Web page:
This can be as time consuming as proof reading hundreds of pages for mistakes or as simple as spell checking a document. This can be spelling, grammar, layout, content, omissions and correctness and accuracy
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Checking of arrangements
When we personally book something we verify it before proceeding but within companies there are additional risks such as double bookings, cancellations, timings of meetings, international issues like time zones or religious days, public holidays.
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Implications of poor checking
This depends on the nature of the document and the value and urgency of the information. Time, money and inconvenience are straightforward but also reputation, expectation and dependence.
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How documents and arrangements should be checked
Visually, technically, or through scheduling
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Why they need to be checked
Quality, importance, reputation or cost
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The benefits, drawbacks and importance of carrying out these checks
Time, money, ability and reputation
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Passwords
Simple, hard to guess, come with rules and can be changed periodically either manually or enforced
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Screen savers
Can be used automatically password lock a computer after a short period of time
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Locking files
Usually set a network level to restrict access through read, write or delete rights
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The inappropriate use of IT equipment and software
Most companies have an AUP (Acceptable Use Policy) in place to restrict staff in their inappropriate use of IT and data. The level of consequence of inappropriate use varies depending on the level of data accessed or abused
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Health and safety legalisation
In Britain there is the Health and Safety Work Act that protect workers rights. Stipulations include the clothes necessary for the job, length or work before a break, amount of working hours, storage of chemicals, and tripping risks
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Equal opportunities legalisation
Protects the rights of staff against discrimination because of their beliefs, gender, age, ability, race, size etc.
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Hours-
The agreed working hours and compensation for additional hours worked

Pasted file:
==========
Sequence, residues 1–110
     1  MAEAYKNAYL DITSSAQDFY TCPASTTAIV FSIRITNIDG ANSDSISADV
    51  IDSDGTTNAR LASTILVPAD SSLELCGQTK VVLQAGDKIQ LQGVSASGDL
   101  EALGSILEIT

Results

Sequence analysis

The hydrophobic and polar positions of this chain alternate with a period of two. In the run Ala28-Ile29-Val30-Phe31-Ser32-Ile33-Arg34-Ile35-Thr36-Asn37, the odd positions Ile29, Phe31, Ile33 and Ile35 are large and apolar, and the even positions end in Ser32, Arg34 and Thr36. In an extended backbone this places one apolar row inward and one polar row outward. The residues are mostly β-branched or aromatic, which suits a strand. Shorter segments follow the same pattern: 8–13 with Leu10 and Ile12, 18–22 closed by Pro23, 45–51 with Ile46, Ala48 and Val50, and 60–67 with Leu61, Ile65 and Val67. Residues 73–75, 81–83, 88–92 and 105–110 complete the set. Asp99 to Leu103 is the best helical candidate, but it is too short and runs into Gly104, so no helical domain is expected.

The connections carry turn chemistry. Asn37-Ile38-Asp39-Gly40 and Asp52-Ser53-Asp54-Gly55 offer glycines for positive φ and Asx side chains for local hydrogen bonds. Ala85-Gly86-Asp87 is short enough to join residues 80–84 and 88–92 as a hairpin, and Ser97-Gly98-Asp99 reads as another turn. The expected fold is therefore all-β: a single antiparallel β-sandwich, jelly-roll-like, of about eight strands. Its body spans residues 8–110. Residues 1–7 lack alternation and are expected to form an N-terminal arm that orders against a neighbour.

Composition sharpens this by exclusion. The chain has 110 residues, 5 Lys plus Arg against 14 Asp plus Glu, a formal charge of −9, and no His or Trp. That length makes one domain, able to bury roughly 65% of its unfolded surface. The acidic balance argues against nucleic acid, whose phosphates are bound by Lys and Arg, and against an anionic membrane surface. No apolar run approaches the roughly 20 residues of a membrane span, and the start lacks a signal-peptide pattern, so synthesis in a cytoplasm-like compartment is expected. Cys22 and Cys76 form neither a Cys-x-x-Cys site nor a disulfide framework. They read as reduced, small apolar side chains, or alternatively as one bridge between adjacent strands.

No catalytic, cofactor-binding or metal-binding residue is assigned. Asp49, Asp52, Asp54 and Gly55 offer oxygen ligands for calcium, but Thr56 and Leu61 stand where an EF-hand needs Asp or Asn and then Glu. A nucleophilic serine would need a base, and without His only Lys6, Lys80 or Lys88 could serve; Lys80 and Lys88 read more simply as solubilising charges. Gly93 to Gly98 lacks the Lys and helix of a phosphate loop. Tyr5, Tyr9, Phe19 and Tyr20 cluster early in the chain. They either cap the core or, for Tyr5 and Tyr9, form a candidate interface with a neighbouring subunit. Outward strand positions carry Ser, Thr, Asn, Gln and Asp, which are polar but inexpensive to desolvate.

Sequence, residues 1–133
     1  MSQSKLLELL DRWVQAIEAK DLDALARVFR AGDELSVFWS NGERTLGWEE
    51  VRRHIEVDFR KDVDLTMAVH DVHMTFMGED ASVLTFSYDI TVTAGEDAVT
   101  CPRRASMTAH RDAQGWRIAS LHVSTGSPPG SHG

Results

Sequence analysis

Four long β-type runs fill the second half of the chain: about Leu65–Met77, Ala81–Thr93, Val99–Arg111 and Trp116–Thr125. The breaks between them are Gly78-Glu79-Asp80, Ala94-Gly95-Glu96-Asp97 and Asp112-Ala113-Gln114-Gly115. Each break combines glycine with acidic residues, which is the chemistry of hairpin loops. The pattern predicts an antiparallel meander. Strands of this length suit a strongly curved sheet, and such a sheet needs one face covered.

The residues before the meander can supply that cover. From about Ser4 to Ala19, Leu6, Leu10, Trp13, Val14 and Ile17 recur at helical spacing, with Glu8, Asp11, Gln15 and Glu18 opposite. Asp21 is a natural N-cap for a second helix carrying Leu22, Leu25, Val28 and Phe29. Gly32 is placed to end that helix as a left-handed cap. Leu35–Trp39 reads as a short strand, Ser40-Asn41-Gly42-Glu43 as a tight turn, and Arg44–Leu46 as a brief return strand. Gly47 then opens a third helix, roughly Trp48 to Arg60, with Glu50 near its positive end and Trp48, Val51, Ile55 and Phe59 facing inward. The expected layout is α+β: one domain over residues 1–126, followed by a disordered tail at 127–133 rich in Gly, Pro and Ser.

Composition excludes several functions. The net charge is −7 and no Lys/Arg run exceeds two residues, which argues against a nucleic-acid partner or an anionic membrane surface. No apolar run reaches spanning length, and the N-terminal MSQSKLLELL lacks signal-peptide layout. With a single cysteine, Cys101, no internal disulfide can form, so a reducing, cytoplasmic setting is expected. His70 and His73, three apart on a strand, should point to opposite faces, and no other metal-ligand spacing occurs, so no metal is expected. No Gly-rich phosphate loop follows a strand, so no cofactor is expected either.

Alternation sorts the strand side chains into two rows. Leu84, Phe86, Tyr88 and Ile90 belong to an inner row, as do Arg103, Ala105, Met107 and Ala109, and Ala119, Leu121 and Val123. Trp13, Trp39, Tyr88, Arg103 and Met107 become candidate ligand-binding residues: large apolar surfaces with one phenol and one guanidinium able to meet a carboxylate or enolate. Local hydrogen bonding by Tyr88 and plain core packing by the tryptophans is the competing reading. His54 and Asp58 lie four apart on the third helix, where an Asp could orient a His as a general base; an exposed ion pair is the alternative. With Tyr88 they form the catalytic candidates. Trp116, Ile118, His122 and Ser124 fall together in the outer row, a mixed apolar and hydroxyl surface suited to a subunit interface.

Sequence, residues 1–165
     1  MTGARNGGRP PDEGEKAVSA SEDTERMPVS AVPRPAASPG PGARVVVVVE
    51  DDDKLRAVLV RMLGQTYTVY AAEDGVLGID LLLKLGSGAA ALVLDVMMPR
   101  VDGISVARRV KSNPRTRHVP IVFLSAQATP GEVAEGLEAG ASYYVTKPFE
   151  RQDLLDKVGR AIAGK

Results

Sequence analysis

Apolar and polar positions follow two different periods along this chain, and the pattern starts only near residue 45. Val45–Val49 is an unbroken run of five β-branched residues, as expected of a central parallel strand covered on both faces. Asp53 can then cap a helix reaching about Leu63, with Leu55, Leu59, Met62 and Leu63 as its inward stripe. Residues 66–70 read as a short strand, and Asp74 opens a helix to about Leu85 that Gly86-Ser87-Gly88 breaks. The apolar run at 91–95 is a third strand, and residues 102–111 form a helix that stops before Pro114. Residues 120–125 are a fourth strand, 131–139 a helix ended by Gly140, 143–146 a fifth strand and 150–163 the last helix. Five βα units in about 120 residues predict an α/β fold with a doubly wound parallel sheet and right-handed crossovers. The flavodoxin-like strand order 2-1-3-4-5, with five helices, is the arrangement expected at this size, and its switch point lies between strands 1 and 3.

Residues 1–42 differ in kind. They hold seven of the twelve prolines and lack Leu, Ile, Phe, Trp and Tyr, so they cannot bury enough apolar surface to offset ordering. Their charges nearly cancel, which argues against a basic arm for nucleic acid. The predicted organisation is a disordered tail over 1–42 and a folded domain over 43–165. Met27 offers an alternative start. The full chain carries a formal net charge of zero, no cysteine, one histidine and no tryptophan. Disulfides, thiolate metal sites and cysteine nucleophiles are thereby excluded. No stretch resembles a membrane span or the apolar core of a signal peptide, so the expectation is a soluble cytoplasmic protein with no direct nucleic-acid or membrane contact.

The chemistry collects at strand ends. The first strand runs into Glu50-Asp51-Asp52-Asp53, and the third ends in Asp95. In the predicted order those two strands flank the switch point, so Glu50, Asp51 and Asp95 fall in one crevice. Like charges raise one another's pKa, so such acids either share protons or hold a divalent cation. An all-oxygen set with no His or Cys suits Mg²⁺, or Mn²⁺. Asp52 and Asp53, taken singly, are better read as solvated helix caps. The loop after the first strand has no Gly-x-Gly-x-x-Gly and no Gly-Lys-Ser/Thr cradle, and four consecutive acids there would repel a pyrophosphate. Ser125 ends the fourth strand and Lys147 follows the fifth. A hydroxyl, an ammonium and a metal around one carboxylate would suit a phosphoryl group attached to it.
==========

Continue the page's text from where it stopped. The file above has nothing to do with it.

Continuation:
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Leave-
Agreed payments or time in lieu for an employee when they go on holiday, sick, or for other arrangements
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Paternity/maternity leave-
An agreed time period and sum of money (full pay, half pay etc.) For maternity (mother) or paternity (father)
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Period of notice
When a company needs to reduce staffing
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List of duties and responsibilities
An agreed list of things a member of staff does as part of their employment, often used for what is not on the list
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Punctuality
Being on time
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Appearance and dress code
Varies from job to job but consider what a teacher is expected to wear.
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Use of appropriate language
Again varies from job to job but consider the average teachers day and how they are asked to behave
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Professional behaviour
Include how employers would expect employees to respond for example, open and honest in business dealings with stakeholders and third parties e.g. in line with anti-bribery and corruption policy, reporting in sick, contact work if unable to attend
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Other cards in this set

Card 2

Front

(e.g. signing of letters, payment authorization). Think about who has the right to sign school letters, make decisions, have access to money and student information.

Back

Authorisation

Card 3

Front

It is largely arranged into functional departments, such as Finance and Marketing. These departments are responsible for one important part of the work of the organization. They use specialist skills in their work and are often efficient as a result

Back

Preview of the back of card 3

Card 4

Front

There could be conflict between departments, e.g. operations may wish to purchase machinery, but finance do not make the necessary money available

Back

Preview of the back of card 4

Card 5

Front

Managers working in these departments are called line managers. They have the authority to give orders and to have their decisions put into effect in their department. They directly supervise subordinates in a clear line of authority.

Back

Preview of the back of card 5
View more cards